The chief executive of U.K.-based Finastra, the newly formed mega-fintech that absorbed Toronto-based DH Corp. last month, says Canada will continue to be an “incredibly crucial part of our ecosystem going forward” and that it intends to expand its capabilities on this side of the pond.
CEO Nadeem Syed said Canada represents upwards of 20 per cent of Finastra’s overall revenues — just behind the U.S.
The combined company also has a larger Canadian employee base, at 1,800, compared to 400 in the U.K., he added.
“Over time, we are going to actually expand our capability in Canada,” Syed said in an interview in Toronto on Tuesday. “There is an immense pool of talent here that we want to tap into. Some of the top tech universities are here, we want to tap into the innovation capability that exists here.”
Finastra was created in June after Texas-based investment firm Vista Equity Partners acquired the Toronto-based cheque-maker-turned-financial-technology-firm DH Corp and merged it with the U.K.-based financial software provider Misys, of which Syed was CEO.
The union created what Finastra says is the third-largest fintech firm in the world, with roughly 10,000 employees and 9,000 customers across 130 countries. Toronto is home to Finastra’s North American headquarters, but London is its global headquarters, Syed said.
Finastra was selected as the company’s global brand to give it a “fresh start,” Syed said, but the brand DH Corp — which started as cheque printer Davis & Henderson in 1875 — will be retained for some of its Canadian businesses, such as student lending and mortgages.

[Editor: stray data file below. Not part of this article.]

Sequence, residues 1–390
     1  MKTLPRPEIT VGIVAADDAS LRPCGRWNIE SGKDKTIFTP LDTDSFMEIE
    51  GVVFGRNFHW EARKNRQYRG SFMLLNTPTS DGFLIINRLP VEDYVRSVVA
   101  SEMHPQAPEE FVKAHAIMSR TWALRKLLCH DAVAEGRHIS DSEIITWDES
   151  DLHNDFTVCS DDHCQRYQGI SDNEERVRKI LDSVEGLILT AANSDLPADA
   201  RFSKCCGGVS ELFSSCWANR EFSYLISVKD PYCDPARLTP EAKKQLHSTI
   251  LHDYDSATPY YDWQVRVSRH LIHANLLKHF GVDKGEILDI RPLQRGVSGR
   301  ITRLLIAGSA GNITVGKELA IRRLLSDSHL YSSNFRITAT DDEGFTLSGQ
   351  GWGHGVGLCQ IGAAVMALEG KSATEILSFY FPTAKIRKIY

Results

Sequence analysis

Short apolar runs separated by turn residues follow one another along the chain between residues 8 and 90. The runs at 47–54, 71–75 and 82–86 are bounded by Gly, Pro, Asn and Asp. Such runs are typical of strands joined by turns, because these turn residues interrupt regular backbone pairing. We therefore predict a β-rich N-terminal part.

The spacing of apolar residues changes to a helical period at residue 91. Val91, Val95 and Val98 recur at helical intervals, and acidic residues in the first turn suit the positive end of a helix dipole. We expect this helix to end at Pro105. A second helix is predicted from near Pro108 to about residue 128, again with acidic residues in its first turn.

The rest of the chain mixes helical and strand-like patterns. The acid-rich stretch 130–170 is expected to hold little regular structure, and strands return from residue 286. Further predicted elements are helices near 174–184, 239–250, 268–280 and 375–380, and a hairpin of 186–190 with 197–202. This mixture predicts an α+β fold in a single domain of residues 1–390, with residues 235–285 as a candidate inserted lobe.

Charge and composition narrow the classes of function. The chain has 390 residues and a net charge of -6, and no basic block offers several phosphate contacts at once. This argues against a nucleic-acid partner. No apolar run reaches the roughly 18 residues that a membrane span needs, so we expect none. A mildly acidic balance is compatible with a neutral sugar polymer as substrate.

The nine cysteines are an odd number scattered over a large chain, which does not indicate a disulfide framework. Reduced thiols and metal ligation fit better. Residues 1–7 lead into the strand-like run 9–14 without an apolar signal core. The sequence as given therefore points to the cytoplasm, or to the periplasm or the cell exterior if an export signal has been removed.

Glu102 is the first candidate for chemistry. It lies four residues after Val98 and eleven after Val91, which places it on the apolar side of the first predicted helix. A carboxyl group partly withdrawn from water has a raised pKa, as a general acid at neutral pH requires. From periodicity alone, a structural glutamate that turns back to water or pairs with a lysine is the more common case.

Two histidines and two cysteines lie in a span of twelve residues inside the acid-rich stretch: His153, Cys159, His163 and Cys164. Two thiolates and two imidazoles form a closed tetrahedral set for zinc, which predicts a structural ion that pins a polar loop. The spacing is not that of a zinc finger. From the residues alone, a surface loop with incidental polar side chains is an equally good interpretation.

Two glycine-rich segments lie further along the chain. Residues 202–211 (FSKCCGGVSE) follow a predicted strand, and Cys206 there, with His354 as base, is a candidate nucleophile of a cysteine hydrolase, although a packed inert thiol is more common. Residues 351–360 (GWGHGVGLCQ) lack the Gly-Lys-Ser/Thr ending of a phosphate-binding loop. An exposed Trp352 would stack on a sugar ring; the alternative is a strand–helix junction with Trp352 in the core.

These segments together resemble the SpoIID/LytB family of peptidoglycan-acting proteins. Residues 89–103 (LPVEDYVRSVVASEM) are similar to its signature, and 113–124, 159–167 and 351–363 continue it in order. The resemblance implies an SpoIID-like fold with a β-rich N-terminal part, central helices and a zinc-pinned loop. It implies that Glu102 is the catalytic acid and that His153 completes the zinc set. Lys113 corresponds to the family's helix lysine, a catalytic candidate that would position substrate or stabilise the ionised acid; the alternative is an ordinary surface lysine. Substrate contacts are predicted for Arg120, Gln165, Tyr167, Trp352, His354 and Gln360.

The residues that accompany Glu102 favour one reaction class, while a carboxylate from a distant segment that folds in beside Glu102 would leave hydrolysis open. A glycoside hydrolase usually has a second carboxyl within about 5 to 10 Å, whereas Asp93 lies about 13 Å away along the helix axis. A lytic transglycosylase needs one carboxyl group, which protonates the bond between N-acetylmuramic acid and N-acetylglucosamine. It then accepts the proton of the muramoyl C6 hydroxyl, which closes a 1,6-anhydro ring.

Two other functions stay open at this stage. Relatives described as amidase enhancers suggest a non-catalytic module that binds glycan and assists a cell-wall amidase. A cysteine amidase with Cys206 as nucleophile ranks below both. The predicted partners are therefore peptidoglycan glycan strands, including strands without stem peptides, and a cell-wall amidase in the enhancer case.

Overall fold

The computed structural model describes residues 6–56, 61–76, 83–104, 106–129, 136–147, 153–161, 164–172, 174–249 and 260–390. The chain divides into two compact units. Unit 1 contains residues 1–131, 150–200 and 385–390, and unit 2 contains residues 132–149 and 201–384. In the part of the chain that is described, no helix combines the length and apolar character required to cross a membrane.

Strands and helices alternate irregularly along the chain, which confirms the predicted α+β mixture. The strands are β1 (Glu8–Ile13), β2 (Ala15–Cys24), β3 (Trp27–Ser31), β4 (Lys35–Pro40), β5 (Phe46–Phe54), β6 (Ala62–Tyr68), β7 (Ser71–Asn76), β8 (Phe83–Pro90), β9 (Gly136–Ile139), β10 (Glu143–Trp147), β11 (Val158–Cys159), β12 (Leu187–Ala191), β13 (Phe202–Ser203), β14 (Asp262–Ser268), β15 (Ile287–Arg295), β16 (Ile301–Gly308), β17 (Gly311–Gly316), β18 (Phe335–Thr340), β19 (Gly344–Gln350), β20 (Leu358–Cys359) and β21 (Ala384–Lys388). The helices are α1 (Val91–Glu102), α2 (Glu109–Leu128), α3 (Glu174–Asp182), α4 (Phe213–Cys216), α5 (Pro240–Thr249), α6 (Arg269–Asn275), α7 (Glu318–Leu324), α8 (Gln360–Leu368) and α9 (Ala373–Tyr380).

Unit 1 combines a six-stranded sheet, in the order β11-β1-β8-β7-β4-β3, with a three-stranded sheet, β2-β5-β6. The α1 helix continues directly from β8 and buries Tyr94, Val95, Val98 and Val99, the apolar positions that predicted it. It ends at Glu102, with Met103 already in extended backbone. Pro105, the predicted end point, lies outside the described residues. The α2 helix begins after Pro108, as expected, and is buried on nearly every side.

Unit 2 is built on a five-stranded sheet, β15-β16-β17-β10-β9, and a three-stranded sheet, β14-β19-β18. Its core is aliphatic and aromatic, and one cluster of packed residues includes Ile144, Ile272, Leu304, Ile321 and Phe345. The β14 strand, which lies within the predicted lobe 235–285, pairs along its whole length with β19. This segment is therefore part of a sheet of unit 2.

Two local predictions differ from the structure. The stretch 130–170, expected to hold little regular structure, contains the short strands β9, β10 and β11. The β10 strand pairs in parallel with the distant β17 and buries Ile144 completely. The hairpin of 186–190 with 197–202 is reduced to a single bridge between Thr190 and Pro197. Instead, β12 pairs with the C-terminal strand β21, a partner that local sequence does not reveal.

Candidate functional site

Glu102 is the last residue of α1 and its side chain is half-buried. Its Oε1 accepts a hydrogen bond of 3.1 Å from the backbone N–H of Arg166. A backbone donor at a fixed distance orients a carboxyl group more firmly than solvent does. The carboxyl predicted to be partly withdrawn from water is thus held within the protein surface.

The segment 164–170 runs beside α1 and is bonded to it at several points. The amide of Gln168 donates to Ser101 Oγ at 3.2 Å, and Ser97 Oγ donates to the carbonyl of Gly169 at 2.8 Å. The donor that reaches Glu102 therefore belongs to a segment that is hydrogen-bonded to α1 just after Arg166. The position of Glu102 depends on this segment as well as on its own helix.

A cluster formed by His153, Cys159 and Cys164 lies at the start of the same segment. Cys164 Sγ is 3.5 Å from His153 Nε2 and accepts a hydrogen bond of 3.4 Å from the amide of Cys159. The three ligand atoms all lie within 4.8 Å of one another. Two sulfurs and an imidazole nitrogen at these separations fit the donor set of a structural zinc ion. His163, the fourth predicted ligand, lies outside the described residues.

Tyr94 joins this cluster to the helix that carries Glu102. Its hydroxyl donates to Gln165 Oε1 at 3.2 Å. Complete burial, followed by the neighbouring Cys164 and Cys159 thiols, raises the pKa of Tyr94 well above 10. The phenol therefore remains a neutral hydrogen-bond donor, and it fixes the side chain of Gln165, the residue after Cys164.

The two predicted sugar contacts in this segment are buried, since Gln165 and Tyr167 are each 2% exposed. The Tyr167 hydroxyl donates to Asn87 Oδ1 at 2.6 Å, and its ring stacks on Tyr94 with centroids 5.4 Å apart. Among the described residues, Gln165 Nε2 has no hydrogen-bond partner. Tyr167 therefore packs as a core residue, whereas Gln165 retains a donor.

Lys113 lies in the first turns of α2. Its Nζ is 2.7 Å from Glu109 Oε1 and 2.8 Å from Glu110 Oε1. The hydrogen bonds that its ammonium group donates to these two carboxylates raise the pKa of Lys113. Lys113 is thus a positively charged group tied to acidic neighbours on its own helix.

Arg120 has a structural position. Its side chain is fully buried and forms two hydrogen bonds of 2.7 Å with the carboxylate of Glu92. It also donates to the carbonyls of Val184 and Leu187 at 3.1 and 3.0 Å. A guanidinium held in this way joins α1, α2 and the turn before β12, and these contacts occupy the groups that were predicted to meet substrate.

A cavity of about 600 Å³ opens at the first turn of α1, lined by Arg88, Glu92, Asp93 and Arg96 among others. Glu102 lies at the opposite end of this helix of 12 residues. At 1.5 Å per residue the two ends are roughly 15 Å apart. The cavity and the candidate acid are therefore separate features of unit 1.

Vista announced the $2.7-billion deal to acquire DH Corp in March, roughly three months after the TSX-listed company said it was evaluating acquisition inquiries.
Misys, which develops and provides software solutions for the financial sector, was also publicly traded before it was acquired and taken private by Vista Equity partners in 2012.
Syed, who was visiting Toronto as Finastra works to integrate the two companies, said there was “virtually no overlap” from a product perspective, but in cities such as New York and London the two offices will be consolidated.
When asked about whether there would be headcount reductions during the integration, he said the merger process was still in the “early days” but the businesses are incredibly complementary.
“There is always a way to further optimize common functions, so as a result of that there will be a degree of restructuring that happens,” he said. “We are moving at it very quickly. The approach we’ve taken is we need to be quick about it, just to give people clarity… But again, this merger is more about complement.”